Review by Pete Callaghan
Somewhere in Burton lurks an innocuous English pub, right in the center of a housing estate. And lurk it did, as if it were hiding behind several houses laughing at me, before I decided to call this game of hide and seek with a venue off and scream “I’m not playing anymore!” like a spoilt ten year old. Once again, it appeared as if I had “rocked up at the local”, yet, these venues are vastly becoming familiar grounds to me and, preferred grounds to be honest. A million miles away from the cavity searches and blinding torchlight of the bigger venues, these smaller, local gigs have a better sense of intimacy between the bands and the spectators. But, I’m not going to spend a second review extolling the virtues of local gigs because sooner or later, you’ll all see where I’m coming from, as those quarter of a billion pound laser shows don’t shine quite as brightly as they once did.
Anyway, after much jostling to find where the bands were actually playing in this venue (upstairs evidently), I headed in to find a small compact room where a handful of people stood waiting and chatting away next to a small stage. I was glad of this, due to thinking that I wasn’t at the gig at all, but instead had travelled to Burton for a head full of confusing directions and a pint of fosters. It wasn’t long before the first band were set-up and ready to go, which for me was happy times, as I am never on time for anything.
But the first band were anything but happy times. I was told just before they got started by one of the crowd that they had no idea what the band were like and this, I thought, did not bode well for the coming performance.
While I’m all up for promoting local bands and passionate musicians doing what they want to do, the way they want to do it, what I’m not down with is bands that shamelessly promote themselves constantly throughout their performance and then leave once they’ve finished their set, not sticking around to hear the other bands they share the line-up with. So as much as I dislike the idea of slating unsigned bands, (if they were signed, I would go to town on them) but Bullet are hereby named and shamed. They need to get their act together and stop thinking they are the only band worth hearing in the Midlands. Oh, if you want to know what their sound was like, if they were a parody of U2, it would have been a funny joke, but unfortunately they weren’t. And it wasn’t.
So after that fiasco, I went to grab another pint, drowning my sorrows in the frothy wetness of the stale ale. In all honesty, and fortunately for me, I had not come all this way just for Bullet, as it were the other two bands I was looking forward to. Another Rhythm Jesus were highly recommended to me on good authority and I had heard a couple of Kitten Pyramid tracks on their Soundcloud before coming, so I was looking forward to progressive psychedelic rock freak-out to pull me out of this despair induced waking coma.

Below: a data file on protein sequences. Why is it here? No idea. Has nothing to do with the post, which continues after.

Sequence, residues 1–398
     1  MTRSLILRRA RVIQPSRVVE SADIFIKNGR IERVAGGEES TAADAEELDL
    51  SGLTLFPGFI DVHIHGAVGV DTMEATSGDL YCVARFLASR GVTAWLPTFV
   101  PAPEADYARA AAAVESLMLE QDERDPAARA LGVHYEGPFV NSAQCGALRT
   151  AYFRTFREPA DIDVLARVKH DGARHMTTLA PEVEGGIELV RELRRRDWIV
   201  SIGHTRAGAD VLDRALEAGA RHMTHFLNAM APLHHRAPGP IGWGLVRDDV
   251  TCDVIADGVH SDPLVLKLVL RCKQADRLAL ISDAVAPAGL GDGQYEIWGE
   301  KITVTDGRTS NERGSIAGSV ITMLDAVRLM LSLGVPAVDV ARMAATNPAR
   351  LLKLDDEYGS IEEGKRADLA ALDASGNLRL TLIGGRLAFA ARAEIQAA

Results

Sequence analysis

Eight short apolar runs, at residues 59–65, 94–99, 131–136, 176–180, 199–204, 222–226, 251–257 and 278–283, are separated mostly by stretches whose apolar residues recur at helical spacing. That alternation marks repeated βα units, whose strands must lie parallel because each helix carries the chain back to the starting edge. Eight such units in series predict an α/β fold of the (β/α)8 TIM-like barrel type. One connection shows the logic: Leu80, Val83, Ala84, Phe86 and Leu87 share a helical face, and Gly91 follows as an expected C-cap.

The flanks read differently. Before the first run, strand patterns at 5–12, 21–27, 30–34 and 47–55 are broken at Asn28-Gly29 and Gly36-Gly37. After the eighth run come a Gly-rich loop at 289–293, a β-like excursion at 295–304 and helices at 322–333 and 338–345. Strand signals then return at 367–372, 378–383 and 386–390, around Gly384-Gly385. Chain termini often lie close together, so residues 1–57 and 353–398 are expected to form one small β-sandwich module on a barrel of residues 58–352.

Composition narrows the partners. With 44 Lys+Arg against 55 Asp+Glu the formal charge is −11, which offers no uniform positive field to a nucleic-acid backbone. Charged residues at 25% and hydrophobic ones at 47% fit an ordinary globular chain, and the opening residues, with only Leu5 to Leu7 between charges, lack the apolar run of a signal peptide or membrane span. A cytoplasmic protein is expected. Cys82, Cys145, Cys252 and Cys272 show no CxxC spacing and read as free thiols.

Another Rhythm Jesus did precisely that with their punctuating vocals and blistering guitar screeches. They mix a wide range of the alternative rock format from all eras creating a very timeless sound, which I could quite happily listen to as a hypothetical monkey taps away on an imaginary typewriter ad infinitum. Throughout this primo performance, which was as tight as dick’s headband and as relaxed as dick’s slacks, members of the band mixed up the format by swapping instruments with each other, creating an evolving performance and experience. The highlight was pretty much the whole performance, with killer tracks “Wooden Box” and “Dark Helmet”. Another Rhythm Jesus brings together all the best elements of grunge, noise rock and prog, and fuses them together with an echoing, percussive vocal blend. Like the best fruit based alcoholic cocktail you’ve ever had, delicious and refreshing, but lets you know it means business, because it’s probably got some gin in it that you weren’t aware of.
Last on and headlining were Kitten Pyramid, who, short of lead singer Scott Marson climbing on stage in what looked like his Nan’s Sunday best, are a band which I had checked out and thought I knew what to expect. Evidently, this assumption made a fool of me and all of a sudden I was catapulted into a world where Saturday morning cartoons roam freely and the suns goofy face laughs down on me. The band combines these musical soundtracks with short stories, photography and art; so seeing them live is just part of everything that is going on with them. Yes, Kitten Pyramid sure are odd though, mixing a range of surreal indie, folk, pop, crazed wailing (more about whales shortly) and incessant sampled drum beats. I have never before seen a room so full of happy people, as every member of the audience was grinning from ear to ear, myself included. It’s a wonderfully strange experience as the band takes you on a journey with their soundtrack; through a sketchily drawn world of colours, clouds and pick ‘n’ mix. The last track they played completely shook the foundations of the innocuous pub, getting everyone bumping and grinding along to the pounding drums of “W.H.A.L.E.”... Yes, “W.H.A.L.E” is one hell of a stomping, rampaging tour de force for this band. I would definitely recommend checking out their demo soundtrack, the whole thing is on Soundcloud, so now you have no excuse. And with that, there is only one thing left to shout from the rooftops in a crazed manner and that would be... “WHALE!”